Credit risk insurance (“CRI”) is a tool to support lending and portfolio management. It is written by a deep and long-established market. CRI offers banks a means of increasing lending limits on key borrowers and, where approved, reducing risk-weighted assets (“RWAs”) where it qualifies as a guarantee under banking regulations to deliver credit risk mitigation.
In contrast to residual value insurance (RVI), CRI pays compensation in the event of a payment default by a borrower under a loan. The eventual sale of the ship constitutes a recovery. Insurers are developing their appetite for shipping and offshore loans and will also cover ports, terminals and aviation assets.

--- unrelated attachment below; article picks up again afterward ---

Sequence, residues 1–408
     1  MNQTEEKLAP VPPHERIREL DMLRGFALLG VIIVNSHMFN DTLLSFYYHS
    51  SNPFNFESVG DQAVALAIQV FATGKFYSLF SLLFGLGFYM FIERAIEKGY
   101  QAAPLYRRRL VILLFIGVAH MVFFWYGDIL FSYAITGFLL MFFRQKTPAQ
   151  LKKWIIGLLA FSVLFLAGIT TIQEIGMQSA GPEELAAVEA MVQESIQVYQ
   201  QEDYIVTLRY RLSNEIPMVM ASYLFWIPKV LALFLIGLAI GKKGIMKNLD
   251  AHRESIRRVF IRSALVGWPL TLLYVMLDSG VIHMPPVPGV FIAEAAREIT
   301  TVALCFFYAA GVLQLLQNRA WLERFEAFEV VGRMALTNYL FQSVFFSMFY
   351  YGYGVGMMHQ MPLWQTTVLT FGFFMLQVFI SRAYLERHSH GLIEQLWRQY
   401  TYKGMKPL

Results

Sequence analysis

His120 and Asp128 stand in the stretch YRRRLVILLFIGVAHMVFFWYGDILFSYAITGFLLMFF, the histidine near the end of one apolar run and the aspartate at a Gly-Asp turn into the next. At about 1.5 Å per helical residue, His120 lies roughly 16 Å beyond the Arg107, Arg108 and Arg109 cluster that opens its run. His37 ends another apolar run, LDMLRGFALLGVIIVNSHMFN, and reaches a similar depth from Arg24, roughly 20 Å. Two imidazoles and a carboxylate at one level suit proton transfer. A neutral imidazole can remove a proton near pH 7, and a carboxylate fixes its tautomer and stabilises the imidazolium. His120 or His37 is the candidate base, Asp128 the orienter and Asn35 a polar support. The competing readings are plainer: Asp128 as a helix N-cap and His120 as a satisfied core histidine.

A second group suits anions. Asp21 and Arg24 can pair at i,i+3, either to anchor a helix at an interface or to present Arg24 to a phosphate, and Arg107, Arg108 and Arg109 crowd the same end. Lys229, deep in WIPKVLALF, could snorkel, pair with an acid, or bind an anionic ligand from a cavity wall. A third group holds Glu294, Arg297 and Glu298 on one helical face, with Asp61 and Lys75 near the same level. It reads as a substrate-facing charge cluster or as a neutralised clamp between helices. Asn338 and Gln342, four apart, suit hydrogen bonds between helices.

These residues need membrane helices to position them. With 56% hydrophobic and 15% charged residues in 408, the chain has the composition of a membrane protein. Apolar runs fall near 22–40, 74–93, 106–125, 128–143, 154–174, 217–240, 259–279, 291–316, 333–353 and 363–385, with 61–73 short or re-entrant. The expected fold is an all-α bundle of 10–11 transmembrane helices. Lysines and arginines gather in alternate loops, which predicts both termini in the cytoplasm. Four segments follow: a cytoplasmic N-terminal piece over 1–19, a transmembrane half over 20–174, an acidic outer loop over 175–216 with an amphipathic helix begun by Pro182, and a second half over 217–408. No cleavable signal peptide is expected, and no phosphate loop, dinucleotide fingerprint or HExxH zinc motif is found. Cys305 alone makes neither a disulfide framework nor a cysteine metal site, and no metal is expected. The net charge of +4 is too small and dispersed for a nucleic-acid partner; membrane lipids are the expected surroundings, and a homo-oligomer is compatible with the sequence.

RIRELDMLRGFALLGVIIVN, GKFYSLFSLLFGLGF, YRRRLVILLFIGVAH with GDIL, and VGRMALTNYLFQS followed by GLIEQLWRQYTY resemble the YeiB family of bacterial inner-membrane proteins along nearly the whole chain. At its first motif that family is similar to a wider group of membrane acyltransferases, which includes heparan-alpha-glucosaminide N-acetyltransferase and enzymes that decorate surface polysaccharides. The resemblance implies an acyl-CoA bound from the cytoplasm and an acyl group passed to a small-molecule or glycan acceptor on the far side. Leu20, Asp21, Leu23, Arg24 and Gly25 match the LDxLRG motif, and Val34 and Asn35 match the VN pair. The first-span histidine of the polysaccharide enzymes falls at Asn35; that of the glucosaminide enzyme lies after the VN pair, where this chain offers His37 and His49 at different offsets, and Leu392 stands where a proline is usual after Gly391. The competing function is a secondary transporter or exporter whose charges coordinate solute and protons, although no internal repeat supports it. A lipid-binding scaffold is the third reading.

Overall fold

Insurers are selective and look for exposure to better-quality borrowers and for a strong risk alignment with the bank. CRI of up to $150-200m per loan can be arranged on a syndicated basis and maturities can extend to 10(+) years with most capacity at 5 years. Premiums are usually set as a percentage of the loan margin and allowance can be made for elevated funding costs. Fees are not normally shared. Banks are required to keep a minimum 10% of the loan uninsured to establish an alignment of interest. The insurance is silent to the borrower.
There is scope to insure both new loans and existing loans for portfolio management purposes.